If you want to backup files/directories that are owned by multiple users, you will have to work through the root user on the destination side because it is the only one that has the privilege to freely set any ownership information and other types of metadata (ACL, SELinux contexts, etc.) A regular user can only set the file/directory owner to himself, which means owner information would be lost on the destination side, when backing up. If your use case doesn’t require working with files belonging to multiple users, or special privileges to set certain types of metadata, then, you can create an additional, unprivileged user (with the
adduser command) on the destination operating system. A dedicated user for rsync backups adds a bit of security and can protect against some mistakes. Whatever you choose, you will have to configure the local instance to be able to access the destination instance through SSH (to log in) and have rsync available (install it) on both the local and remote operating system.
Using rsync with Password Based Logins
If you’re using passwords to log in to the root user on a remote instance, you could send (push) a file with this command:
rsync -v /bin/ls firstname.lastname@example.org:/tmp
This would copy the local file
/bin/ls to the remote server found at IP address 203.0.113.10, in the directory
/tmp. Instead of an IP address, we can use the DNS hostname if we have one configured, e.g.:
rsync -v /bin/ls email@example.com:/tmp We can see that generally, the syntax is:
rsync [options] /path/to/local/file_or_directory remote_username@IP_ADDRESS_OR_DNS_HOSTNAME:/path/to/destination
After running this command, we will get an output such as this one:
root@alibaba-ecs:~# rsync -v /bin/ls firstname.lastname@example.org:/root
The authenticity of host '203.0.113.10 (203.0.113.10)' can't be established.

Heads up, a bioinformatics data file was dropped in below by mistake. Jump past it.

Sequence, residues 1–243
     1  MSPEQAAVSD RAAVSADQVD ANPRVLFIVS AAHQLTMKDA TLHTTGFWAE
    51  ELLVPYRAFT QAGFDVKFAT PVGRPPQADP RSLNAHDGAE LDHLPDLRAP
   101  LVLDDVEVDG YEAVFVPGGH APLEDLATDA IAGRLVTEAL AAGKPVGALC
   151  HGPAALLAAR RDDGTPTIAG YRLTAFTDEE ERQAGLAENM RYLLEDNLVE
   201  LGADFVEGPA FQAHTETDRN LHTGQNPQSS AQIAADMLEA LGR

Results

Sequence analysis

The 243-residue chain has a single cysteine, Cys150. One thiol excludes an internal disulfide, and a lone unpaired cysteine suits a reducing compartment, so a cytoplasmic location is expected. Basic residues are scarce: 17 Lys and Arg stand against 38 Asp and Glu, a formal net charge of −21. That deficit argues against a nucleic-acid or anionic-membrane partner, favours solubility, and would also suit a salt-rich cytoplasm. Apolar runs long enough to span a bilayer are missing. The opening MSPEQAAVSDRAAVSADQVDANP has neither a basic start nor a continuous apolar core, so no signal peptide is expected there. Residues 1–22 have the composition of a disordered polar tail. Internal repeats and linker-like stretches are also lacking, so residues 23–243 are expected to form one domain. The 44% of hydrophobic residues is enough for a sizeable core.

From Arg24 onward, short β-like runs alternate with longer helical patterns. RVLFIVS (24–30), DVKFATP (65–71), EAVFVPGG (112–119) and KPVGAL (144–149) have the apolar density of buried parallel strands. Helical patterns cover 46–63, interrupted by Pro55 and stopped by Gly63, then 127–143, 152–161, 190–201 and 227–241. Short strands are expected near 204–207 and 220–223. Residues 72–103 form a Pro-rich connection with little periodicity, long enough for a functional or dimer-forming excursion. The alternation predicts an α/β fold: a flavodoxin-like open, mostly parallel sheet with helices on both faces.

ECDSA key fingerprint is SHA256:bfmHI3x/TA5F2NFdxlXg5aMFh22HbdjE7FJdbfv8UKw.
Are you sure you want to continue connecting (yes/no)? yes
Warning: Permanently added '203.0.113.10' (ECDSA) to the list of known hosts.
lssent 130,830 bytes received 35 bytes 23,793.64 bytes/sec
total size is 130,736 speedup is 1.00
We would be asked for the password, which we can type at the prompt. This is fine for manual rsync transfers but if we need to automate the task we have to take a different route and use SSH keys for authentication.
To receive (pull) a file instead of sending it, we simply reverse the source and destination parameters:
rsync -v email@example.com:/bin/ls /tmp
Using rsync with Private Key Based Logins
You can read this introductory article on SSH keys if you’re unfamiliar with the subject. Whatever method you use to set up these pairs, keep the private key at hand since that’s what you’ll need to give rsync access to the remote instance. At the moment of writing this guide, if you create a key pair in the Alibaba Console, the private key will automatically be downloaded to your computer as a .pem file.
Security tip: give the least secure server in your infrastructure the least access keys/credentials to other instances. Imagine the following scenario: server1 hosts a WordPress website. Since so many publicly accessible services are running there (Apache/nginx HTTP server, MySQL/MariaDB database server, the WordPress script itself, etc.), server1 has what is called a large attack surface, many points that an attacker can try, to find a potential weak spot. If server2 and server3 are your backup servers and only run the SSH daemon, these have a very small attack surface and are much less likely to be compromised. In such an infrastructure, you wouldn’t give server1 the ability to access server2 and server3. If server1 gets hacked, the attacker can then also take control of server2 and server3. Make the instances with the most potential to be vulnerable, slaves, and the safer instances masters, so that compromised slaves cannot take control of masters and the rest of your infrastructure is unaffected. In this case, it means that you would set up server2 and server3 to be able to log in as root to server1, but not the other way around. If server1 gets compromised, the attacker won’t be able to easily move on to server2 and server3. This also exemplifies the benefit of “many points that can access one point” versus “one point that can access many points”. A lot of users choose the second structure, because it’s easier/faster to build, but later find out that a breach in their central point allowed a breach of their entire infrastructure.